Hey - what's Michael Leser Johnson's youtube channel? I can't find it - or him - anywhere on youtube.

Need info.

Naun's picture
melody maker's picture

... And I agree with Naun that you want to strike a balance between musical and audiophile quality if you're a classical lover who prefers analog. While I've learned some things and found some great stuff through the audiophile press, I long ago got tired of the endless recommendations of lightweight fluff, and also of lesser performances of great works in killer (yet pointlessly so!) sound. My Jim Svejda and B.H. Haggin books sit next to my Laura Dearborn and Robert Harley, and the former look more well-thumbed. I guess I fall in the middle: while I revel in great sound, have tons of Londons and RCAs, and don't collect much mono orchestral (it's fine for piano and chamber music), I also go the extra mile for the best pressings of often-mediocre Columbia recordings of Walter and Szell and Bernstein and Richter, because you just gotta have their performances!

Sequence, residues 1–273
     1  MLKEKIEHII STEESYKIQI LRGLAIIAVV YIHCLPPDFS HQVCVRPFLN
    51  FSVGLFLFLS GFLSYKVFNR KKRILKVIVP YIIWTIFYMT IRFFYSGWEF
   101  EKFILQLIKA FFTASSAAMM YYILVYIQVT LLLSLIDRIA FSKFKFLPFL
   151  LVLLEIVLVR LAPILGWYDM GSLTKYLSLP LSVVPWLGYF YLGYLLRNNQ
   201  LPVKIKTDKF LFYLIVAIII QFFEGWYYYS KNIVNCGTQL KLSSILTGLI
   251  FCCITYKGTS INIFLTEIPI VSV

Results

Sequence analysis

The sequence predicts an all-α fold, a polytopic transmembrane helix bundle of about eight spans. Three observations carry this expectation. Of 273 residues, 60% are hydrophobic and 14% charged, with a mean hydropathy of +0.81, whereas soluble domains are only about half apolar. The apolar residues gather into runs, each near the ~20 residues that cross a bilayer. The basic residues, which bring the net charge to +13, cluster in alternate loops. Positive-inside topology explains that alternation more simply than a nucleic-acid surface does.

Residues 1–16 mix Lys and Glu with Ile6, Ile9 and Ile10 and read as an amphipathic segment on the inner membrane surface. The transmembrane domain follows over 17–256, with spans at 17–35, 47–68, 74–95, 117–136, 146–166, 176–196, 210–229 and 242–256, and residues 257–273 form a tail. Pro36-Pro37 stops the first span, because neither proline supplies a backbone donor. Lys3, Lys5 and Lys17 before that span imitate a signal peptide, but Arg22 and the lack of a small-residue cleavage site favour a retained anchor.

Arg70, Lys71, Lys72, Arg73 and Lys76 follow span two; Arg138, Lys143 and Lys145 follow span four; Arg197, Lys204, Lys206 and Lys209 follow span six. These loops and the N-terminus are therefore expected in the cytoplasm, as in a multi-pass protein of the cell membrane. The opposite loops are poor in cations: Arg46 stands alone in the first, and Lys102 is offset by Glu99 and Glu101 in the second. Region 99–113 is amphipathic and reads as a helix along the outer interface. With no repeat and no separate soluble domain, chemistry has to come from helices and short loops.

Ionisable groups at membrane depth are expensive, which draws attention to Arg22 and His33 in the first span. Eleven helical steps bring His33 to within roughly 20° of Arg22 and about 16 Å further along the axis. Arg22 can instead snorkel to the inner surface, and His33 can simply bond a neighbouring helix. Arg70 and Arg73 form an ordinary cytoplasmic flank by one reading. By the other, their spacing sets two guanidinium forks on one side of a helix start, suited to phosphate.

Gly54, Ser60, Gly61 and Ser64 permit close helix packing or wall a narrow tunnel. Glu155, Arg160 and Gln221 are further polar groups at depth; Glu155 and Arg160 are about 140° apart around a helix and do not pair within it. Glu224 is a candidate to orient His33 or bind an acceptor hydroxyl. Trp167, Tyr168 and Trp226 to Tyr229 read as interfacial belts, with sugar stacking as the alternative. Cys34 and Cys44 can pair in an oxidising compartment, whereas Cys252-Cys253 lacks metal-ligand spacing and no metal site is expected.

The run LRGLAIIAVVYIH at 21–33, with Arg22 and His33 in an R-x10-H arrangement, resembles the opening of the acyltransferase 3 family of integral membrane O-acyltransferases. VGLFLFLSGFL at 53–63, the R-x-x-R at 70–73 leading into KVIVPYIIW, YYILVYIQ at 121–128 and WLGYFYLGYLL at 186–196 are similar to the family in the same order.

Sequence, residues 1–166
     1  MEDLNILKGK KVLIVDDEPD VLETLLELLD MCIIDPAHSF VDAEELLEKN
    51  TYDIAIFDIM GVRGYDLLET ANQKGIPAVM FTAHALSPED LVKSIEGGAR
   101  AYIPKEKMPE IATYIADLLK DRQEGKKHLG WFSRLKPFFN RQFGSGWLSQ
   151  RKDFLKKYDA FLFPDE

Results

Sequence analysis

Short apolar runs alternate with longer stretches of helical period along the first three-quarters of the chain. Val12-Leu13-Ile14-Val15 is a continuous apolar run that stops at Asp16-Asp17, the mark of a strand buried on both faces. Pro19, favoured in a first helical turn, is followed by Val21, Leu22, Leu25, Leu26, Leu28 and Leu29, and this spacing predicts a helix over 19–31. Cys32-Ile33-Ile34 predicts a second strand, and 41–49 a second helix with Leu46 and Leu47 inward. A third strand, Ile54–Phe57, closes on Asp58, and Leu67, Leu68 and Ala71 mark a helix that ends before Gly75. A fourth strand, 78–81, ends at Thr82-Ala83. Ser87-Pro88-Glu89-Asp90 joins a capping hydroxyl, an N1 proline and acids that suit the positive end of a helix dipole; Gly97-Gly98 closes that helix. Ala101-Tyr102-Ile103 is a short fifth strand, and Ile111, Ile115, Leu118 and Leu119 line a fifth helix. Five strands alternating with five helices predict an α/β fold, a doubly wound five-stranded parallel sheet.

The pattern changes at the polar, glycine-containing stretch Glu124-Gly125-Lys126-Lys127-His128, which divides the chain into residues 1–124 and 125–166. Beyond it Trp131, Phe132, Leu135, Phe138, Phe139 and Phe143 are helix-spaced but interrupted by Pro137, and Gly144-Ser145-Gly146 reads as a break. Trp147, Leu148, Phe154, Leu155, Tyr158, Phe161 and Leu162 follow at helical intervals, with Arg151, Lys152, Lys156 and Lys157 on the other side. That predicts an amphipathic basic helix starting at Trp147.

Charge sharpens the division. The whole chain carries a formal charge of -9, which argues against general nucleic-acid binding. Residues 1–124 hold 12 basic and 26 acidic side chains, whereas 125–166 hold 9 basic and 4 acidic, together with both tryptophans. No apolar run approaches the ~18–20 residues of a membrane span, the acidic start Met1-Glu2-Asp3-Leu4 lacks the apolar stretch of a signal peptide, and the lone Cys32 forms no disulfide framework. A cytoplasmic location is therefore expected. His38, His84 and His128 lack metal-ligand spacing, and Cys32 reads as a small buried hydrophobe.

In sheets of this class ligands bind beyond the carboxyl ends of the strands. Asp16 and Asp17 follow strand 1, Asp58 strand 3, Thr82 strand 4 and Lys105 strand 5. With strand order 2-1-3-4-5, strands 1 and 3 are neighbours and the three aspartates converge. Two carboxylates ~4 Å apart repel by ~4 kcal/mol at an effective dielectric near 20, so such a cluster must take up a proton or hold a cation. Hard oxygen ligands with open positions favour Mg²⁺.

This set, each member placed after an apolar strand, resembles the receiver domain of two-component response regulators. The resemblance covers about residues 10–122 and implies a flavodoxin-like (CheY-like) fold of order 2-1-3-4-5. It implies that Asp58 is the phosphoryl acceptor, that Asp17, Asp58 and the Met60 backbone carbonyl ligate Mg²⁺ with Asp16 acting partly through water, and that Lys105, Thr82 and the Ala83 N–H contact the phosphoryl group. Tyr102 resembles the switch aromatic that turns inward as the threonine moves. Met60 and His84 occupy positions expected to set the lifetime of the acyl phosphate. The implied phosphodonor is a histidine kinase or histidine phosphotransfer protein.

SteveRR's picture

I have a bunch of these and I still tend to agree with Gramophone - Rattle and City Of Birmingham

Neward Thelman's picture


Neward Thelman's picture

I've jest looked at the your youtube link.

That nerdy sub-millennial's Michael Leser Johnson? Seriously?

[Has he finished grade school yet?]

tracyberge's picture

Honestly thank you so much for your page. I’ve perused all kinds of topics on your channel, and I always thoroughly enjoy all of your content.
Donkey Kong

cherriesonce's picture

It's great to see a point of view that strikes a balance between the concerns of the audiophile vinyl subculture and more strictly musical geometry dash world considerations. Certain reissues, such as the Bernstein Rite that Michael refers to, show decisions that were made primarily based on musical merit rather than audio quality.